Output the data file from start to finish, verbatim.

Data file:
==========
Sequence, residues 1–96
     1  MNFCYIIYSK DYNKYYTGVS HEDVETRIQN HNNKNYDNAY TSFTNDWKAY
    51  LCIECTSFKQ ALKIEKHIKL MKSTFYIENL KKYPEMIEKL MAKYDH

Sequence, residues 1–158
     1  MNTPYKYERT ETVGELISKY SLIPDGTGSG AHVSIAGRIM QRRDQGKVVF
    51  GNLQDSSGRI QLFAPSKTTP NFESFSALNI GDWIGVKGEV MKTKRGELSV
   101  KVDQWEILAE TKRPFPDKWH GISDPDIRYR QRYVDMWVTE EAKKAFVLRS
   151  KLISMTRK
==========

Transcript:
Sequence, residues 1–96
     1  MNFCYIIYSK DYNKYYTGVS HEDVETRIQN HNNKNYDNAY TSFTNDWKAY
    51  LCIECTSFKQ ALKIEKHIKL MKSTFYIENL KKYPEMIEKL MAKYDH

Sequence, residues 1–158
     1  MNTPYKYERT ETVGELISKY SLIPDGTGSG AHVSIAGRIM QRRDQGKVVF
    51  GNLQDSSGRI QLFAPSKTTP NFESFSALNI GDWIGVKGEV MKTKRGELSV
   101  KVDQWEILAE TKRPFPDKWH GISDPDIRYR QRYVDMWVTE EAKKAFVLRS
   151  KLISMTRK